, August 138 - 7 March 161 A.D.
In 146, received the imperium proconsular and the Younger was given the title Augusta.SH73156. , 1669, 767a, 974, 320, 709, 4168, VF, nice green , nice portrait, light scratches, , 22.051 g, maximum 31.5 mm, 0o, Rome mint, c. 146 A.D.; ANTONINVS AVG - P P TR P, laureate right; Antoninus in slow left, eagle-tipped in left, reins in right, / S C in two lines in ; $600.00 (€534.00)
Eastern , Imitative of of , "Eingesetztem Pferdefuß" , c. 2nd - 1st Century B.C.
The "Eingesetztem Pferdefuß" literally translates "with inserted cloven hoof."CE77589. Silver , 413 (same dies); cf. 122/2 (for ) and 122/3 (for ), aVF, off-center, , marks and scratches, 10.665 g, maximum 25.7 mm, 0o, tribal mint, c. 2nd - 1st Century B.C.; laureate and bearded of Zeus right; helmeted horseman riding left; cloven hoof above the horse's ; on left: round floral design with pellet in oval in center with many small pellet petals around; below: wheel with five spokes and five pellets between the spokes; ; $550.00 (€489.50)
Roman Republic, Anonymous, c. 230 B.C.
In 230 B.C., Rome sent envoys to the Illyrian Queen Teuta to obtain her aid in ending attacks and murders of Roman merchants by Illyrian pirates. After the Roman ambassador Coruncanius and the Issaean ambassador Cleemporus offended Queen Teuta, the were murdered at sea by her soldiers. In response, Roman forces occupied the island of Corcyra with the aim of humbling Teuta.SH77477. (cast) , Libral ; 68; 328; 24/5; 33; pp. 60-61, 1-76 pl. 25, 8-11, gF, nice green , pitting, marks, 58.717 g, maximum 40.2 mm, Rome mint, c. 230 B.C.; horse prancing left, two pellets above and two pellets bellow (mark of value); wheel of six spokes, four pellets (mark of value) between spokes; From the Andrew McCabe Collection; very ; $480.00 (€427.20)
Southern , c. Late 4th - Early 3rd Century B.C.
The earliest imitations of tetradrachms are very similar to the Macedonian originals. It isn't always completely clear if a coin is a imitative or an oddly Macedonian original. Fairly quickly the imitative inscriptions were shortened and then blundered. Over time the of Zeus was increasingly "Celticized" and eventually both the of Zeus and the horseman devolved into barely recognizable abstract forms. This coin is similar to the original but, with a rather exotic of Zeus, could never be confused with the Macedonian prototype. SH66569. Silver , cf. I 6 (Λ vice thunderbolt), 360 (same), 14/5 (thunderbolt but other different), 1215 (same), VF, some corrosion, 14.207 g, maximum 26.8 mm, 0o, tribal mint, c. late 4th - early 3rd century B.C.; Celticized laureate of Zeus right, dot ; ΦIΛIΠΠ−OY, naked youth on horse pacing right holding frond, thunderbolt over torch below, below raised foreleg, dot ; derived from the tetradrachms of ; $400.00 (€356.00)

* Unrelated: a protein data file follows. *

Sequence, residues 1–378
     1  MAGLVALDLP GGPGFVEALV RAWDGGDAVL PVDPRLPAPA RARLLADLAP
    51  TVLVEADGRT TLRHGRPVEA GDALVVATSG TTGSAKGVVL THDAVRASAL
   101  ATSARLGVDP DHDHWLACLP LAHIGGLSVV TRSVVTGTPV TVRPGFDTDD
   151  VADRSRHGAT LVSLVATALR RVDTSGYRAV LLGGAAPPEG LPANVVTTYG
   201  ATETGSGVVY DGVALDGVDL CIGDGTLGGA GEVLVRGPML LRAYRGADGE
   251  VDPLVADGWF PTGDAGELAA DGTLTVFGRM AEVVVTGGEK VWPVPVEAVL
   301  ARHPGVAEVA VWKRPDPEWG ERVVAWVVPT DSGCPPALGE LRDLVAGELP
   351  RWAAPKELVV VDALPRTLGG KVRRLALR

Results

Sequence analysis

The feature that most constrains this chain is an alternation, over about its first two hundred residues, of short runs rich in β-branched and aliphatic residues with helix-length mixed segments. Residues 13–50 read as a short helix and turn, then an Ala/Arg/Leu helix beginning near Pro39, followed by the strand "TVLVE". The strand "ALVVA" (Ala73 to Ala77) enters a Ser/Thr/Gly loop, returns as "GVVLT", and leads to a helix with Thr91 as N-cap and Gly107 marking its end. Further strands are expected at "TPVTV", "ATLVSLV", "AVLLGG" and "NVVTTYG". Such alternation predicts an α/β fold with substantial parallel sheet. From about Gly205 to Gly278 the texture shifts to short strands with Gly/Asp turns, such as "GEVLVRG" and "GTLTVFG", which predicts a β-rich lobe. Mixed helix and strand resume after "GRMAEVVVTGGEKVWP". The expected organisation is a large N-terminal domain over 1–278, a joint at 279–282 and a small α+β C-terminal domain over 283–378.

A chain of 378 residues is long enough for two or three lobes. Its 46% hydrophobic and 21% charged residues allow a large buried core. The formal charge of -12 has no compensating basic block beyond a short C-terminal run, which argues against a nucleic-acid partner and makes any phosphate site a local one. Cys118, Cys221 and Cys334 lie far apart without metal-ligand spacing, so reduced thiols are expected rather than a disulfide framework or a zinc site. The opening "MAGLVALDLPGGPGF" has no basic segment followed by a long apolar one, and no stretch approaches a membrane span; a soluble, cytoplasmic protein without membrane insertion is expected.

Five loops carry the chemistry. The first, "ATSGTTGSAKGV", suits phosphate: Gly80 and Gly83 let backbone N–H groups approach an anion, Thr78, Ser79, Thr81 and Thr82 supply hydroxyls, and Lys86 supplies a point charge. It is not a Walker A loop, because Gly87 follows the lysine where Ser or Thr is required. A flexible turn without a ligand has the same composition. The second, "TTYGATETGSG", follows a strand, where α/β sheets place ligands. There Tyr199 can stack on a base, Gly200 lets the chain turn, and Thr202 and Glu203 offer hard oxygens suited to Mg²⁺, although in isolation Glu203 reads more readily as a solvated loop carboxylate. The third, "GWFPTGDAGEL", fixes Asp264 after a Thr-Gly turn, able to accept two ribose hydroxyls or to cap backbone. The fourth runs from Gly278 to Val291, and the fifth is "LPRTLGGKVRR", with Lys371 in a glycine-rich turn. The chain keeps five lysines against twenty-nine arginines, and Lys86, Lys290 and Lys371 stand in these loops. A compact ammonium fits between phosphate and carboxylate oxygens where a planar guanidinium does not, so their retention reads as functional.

, , , c. 450 - 420 B.C.
During religious games, the young men of participated in bull jumping and bull wrestling. In bull wrestling, participants would jump from a horse, naked save a (cloak) and (hat), to bring a bull down to the ground. The shows a wrestler bringing down a bull and the shows the horse running free after the leap was made. The game may have originated in and then traveled to , where it is known the people of learned the sport.GS84620. Silver , 50, 110, I 1128, 173 -174, 420 (S), gVF, attractive classical , , deposits, light marks, slightly off center, 6.175 g, maximum 19.0 mm, 225o, mint, c. 450/440 - 420 B.C.; hero Thessalos restraining bull, both left, holding band around its , nude but for billowing tied around his neck, tied around neck flying behind; bridled horse rearing right, trailing rein, ΛAPI/ΣAIA in two lines above and below, all within shallow square; ex CNG e-auction 386 (9 Nov 2016), lot 112; ex with his tag noting, "Ex Sotheby's , 9 Dec. 93, of lot 323, the lot of 6 pieces for $1500 +10%, This piece cost $350.-"; ; $400.00 (€356.00)
, , , c. 405 - 370 B.C.